At the Tallberg Forum, Sweden, I heard two women farmers from Ghana lament, “The food we produce we do not eat, the food we eat we do not produce.” Would India’s farmers sing a different sorrow?
According to the latest FAO report, the number of hungry people worldwide increased from 848 million in 2005 to 1 billion in 2008. The spreading hunger is weakening food security. Evidently, the world food system is unable to ensure food, which is adequate and safe, to sustain human life. Is India any exception?
If nothing else, over the years we have kept up with the world food system in making it more and more complex but less and less useful to feed the hungry. Simple questions remain unanswered. Safe and nutritious food is promoted as a fundamental right and yet our people remain hungry.
Why do those who produce and process food, farmers and farm workers, most of them women, do not have enough food to eat? Why do food exporting regions report starvation? Returns on global food markets have become increasingly attractive but why do the farm labourers remain the lowest paid and work under worst conditions? Food has today become a mere commodity.
But, food is much more. Food has a sense of locality, home, sthana in India. Food is many-layered in its use and satisfaction. Food is our link from cosmos to livelihood to ritual to myth. It is our life’s culture. Food is our history and our future. Food has many meanings to us. But food security is the language of the state today.
Can food be reduced to business and trade opportunity? Is it not the result of failed political economy, the other of failed morality? Our civilisation started with agriculture and today agriculture is under threat. What about our civilisation?
We have to protect ways of life and livelihoods of the farming communities from the threat of extinction. We must protect the base of agriculture, small farmers, their produce and their locality of farming. Security stems from local innovations, not distant imports.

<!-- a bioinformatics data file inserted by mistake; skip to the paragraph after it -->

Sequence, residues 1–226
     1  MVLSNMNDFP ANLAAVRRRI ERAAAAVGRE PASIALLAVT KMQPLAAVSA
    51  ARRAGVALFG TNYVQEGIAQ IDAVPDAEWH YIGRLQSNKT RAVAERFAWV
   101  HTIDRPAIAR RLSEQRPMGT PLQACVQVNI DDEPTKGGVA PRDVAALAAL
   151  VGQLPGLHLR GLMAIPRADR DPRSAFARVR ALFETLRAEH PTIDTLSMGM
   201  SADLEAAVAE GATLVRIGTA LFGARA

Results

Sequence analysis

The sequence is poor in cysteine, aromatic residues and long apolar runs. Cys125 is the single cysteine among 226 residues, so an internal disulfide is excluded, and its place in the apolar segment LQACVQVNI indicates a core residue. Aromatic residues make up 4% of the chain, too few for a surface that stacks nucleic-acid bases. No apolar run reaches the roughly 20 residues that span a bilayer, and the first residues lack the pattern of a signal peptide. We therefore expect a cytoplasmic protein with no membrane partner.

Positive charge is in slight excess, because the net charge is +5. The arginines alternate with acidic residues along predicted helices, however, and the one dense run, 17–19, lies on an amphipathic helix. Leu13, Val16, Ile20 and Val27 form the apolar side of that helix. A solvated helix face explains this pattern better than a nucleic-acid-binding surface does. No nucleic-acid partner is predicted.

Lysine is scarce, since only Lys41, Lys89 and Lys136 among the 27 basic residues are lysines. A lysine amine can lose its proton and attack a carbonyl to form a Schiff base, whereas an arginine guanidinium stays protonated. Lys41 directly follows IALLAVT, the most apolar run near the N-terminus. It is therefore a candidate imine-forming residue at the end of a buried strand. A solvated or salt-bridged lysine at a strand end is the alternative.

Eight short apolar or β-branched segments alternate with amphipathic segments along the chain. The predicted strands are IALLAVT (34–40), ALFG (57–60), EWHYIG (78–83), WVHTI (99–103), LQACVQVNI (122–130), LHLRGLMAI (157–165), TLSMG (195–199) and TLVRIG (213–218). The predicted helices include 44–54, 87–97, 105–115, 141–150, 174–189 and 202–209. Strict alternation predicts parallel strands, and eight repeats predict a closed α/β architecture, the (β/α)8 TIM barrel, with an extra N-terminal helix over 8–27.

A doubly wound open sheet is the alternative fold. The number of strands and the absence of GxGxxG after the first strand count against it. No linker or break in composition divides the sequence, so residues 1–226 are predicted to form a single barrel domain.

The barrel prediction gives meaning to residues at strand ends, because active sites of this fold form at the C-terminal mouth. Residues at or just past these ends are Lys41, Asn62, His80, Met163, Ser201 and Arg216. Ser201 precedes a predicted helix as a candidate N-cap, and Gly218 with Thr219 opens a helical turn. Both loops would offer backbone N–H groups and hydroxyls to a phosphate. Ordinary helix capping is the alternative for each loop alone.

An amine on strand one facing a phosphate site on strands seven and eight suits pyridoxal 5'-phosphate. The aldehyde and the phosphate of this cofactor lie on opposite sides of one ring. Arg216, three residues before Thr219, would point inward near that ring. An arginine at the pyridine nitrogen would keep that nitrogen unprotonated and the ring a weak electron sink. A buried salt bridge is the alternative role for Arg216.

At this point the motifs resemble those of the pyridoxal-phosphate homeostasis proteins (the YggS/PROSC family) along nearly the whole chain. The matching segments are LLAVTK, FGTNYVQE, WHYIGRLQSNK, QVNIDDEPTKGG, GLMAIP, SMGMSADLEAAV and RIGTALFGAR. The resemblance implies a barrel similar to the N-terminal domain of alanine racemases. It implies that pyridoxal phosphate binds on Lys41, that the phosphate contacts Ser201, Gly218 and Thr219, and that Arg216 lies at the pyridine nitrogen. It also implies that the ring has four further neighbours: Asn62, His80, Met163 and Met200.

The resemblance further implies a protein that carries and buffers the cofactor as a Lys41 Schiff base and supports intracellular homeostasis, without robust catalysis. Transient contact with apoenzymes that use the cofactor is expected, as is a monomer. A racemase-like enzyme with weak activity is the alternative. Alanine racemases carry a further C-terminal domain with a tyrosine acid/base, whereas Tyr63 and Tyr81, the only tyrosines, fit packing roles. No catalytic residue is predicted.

To build food security, we must understand that security needs autonomy that grants diversity which stems from locality. Autonomy, diversity and locality are the fundamentals of our food security.
Producer & consumer must come closer
To achieve the above, we must reduce the distance, economic and ecological, between food producer and consumer. Here I wish to suggest my 100 Mile Principle that stems from ecology of food that I mentioned at Tallberg Forum.
I urged all to think of using essential foods and food-related services that are produced within 100 miles around us. I explained that the 100 Mile Principle weaves decentralisation, locality, size and scale with livelihood of agriculture. What we need for livelihood as material, as energy, as knowledge should stem from areas around us.
We can start with our own food first. Seed, soil and water are forms of knowledge developed over generations that need to be retained locally. So are the uses, storage, processes, recipes and packaging of food. Let us experiment with the 100 Mile Principle with our daily staple food in 2009.
It cuts economic and ecological cost on food. Essentially, the organic human link between ecology and economy has to be restored. The millennia old link between producer and consumer has to be recovered. Ultimately, ecology as cosmology or economy as market is the weave of life. Let us start weaving it tighter from 2009.
Credit: Ela R Bhatt
Source: The Economic Times